Researchers 3D print multi-material electric motor
After two years of research, electrical engineers from the Chemnitz University of Technology have succeeded in designing a functional electric motor using additive manufacturing from iron, copper, and ceramics. A multi-material engine that illustrates the full potential of 3D printing!
Additive manufacturing has enabled a number of new engine concepts to emerge, whether for rockets, trucks or to design reactor prototypes. 3D technologies offer considerable advantages in terms of performance, customization, manufacturing time and cost. This time, it is German engineers who claim to have 3D printed an electric motor from 3 different materials.
A 3D printed electric motor
The engineering team has been working on this project for the last few years and in addition to their creating engine during this time, they have also managed to squeeze in the development of a printing filament, able to withstand temperatures of more than 300° C. With their filament, they used selective laser sintering to create, layer-by-layer, a functional engine. This engine includes copper electrical conductors that create magnetic fields with iron, but also electrical ceramic insulation that insulates conductors from each other and iron components.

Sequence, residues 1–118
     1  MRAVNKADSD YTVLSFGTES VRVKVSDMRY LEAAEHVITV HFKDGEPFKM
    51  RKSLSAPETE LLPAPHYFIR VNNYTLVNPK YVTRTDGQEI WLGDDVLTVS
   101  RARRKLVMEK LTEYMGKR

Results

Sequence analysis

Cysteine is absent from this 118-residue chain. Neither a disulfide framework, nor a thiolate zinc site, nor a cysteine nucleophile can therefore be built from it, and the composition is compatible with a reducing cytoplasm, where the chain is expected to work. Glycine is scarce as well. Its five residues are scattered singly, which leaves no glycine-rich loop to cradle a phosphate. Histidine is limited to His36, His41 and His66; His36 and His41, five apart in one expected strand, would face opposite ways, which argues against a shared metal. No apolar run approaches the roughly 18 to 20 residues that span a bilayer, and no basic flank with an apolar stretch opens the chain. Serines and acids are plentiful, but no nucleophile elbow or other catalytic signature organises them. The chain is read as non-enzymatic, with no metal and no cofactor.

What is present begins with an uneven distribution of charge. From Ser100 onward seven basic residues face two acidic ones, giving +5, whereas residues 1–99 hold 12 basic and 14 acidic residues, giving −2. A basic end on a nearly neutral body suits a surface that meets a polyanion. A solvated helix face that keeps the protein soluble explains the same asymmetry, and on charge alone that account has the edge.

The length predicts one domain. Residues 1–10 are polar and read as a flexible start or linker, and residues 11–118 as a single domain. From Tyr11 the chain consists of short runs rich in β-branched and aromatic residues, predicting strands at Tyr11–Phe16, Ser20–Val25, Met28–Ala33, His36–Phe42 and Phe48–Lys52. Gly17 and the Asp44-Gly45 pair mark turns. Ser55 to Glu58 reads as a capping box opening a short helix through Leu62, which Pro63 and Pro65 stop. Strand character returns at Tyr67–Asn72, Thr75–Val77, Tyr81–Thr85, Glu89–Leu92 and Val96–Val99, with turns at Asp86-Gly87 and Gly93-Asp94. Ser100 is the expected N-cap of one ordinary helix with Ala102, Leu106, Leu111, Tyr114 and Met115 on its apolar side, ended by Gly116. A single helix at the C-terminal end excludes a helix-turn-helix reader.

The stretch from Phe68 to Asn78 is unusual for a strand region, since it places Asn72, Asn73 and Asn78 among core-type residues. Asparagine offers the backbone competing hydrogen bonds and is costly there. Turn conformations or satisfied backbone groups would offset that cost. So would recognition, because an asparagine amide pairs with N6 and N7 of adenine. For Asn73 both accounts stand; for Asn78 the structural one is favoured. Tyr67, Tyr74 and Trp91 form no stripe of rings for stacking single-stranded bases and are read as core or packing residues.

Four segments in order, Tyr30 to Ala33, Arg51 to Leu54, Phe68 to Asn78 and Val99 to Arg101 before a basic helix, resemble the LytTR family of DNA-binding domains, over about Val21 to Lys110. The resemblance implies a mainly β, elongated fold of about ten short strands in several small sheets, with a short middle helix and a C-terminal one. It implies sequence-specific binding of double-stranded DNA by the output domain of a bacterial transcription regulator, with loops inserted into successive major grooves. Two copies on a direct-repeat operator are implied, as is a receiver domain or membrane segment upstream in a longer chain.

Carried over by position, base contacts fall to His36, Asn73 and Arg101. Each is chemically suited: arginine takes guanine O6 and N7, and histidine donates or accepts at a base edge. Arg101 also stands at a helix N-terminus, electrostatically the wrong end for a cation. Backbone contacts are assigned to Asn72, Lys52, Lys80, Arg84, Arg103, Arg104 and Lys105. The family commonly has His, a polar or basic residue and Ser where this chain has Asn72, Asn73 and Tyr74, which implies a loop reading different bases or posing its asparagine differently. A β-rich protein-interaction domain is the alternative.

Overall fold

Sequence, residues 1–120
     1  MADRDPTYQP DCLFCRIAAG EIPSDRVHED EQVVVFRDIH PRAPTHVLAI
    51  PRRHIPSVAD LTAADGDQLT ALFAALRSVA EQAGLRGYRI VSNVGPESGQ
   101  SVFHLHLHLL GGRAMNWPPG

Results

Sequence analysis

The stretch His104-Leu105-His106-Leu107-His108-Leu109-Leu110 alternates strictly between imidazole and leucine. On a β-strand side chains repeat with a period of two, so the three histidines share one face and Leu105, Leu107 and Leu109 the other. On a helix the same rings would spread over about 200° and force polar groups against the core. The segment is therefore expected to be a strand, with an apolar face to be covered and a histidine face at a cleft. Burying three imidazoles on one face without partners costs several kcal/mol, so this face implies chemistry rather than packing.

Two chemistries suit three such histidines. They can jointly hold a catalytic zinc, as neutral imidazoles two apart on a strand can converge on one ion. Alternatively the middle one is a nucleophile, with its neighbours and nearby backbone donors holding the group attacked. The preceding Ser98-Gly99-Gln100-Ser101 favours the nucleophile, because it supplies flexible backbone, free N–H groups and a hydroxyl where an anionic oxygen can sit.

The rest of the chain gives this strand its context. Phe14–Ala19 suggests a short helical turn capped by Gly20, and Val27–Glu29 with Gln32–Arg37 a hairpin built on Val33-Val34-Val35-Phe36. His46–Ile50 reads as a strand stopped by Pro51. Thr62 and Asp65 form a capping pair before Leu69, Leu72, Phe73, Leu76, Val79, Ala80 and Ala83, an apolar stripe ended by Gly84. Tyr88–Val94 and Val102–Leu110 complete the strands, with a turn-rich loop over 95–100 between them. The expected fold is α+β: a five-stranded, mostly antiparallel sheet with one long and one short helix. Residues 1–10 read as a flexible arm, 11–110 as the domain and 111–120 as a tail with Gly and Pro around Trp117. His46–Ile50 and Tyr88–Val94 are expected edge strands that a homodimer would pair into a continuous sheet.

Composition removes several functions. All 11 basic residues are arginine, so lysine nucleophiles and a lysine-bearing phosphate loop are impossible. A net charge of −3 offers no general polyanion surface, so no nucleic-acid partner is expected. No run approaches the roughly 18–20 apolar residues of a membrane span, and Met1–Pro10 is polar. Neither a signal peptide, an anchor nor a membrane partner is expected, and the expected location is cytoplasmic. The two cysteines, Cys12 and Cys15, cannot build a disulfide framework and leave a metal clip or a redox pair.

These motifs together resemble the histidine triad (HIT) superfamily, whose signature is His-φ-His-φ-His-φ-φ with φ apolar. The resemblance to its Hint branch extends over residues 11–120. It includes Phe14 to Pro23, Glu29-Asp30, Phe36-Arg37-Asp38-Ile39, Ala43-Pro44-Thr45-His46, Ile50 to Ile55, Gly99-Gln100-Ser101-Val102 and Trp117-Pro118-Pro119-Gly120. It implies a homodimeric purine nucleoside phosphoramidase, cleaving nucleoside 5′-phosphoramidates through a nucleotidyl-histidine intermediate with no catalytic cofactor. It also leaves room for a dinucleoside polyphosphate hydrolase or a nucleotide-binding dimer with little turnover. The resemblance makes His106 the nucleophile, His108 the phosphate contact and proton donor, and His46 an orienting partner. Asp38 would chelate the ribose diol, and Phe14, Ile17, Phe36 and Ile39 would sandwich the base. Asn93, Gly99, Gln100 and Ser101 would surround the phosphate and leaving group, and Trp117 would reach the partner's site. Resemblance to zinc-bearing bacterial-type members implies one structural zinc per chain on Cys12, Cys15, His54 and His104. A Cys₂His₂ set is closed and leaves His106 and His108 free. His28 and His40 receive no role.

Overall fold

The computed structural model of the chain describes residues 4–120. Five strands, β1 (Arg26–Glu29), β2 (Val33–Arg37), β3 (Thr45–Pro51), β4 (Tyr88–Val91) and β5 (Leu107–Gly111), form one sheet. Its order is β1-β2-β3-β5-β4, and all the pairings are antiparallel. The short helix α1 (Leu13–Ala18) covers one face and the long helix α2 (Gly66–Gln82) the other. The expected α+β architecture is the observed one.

“Our goal over the last two and a half years was to dramatically increase the temperature that electrical machines are capable of withstanding,” says professor Ralf Werner, who led the study. He goes on to explain that they have achieved this goal by replacing the traditional polymer-based insulation with a type of ceramic that is more heat-resistant. The ceramic insulating material would also have a higher degree of thermal conductivity so that the heat losses generated in the conductors could be dissipated more quickly. This allows researchers to increase the output density of electrical machines.
The printing process developed by the researchers is based on the extrusion of highly viscous pastes, layer by layer. These pastes consist of particles of the desired materials, such as iron, copper or ceramics but also suitable binders. Researchers say they have worked with ViscoTec to achieve the highest level of accuracy during extrusion of materials.
Find all the information about the 3D printed engine on the University’s website.
What do you think of this 3D printed electric motor? Let us know in a comment below or on our Facebook and Twitter pages! Don’t forget to sign up for our free weekly Newsletter, with all the latest news in 3D printing delivered straight to your inbox!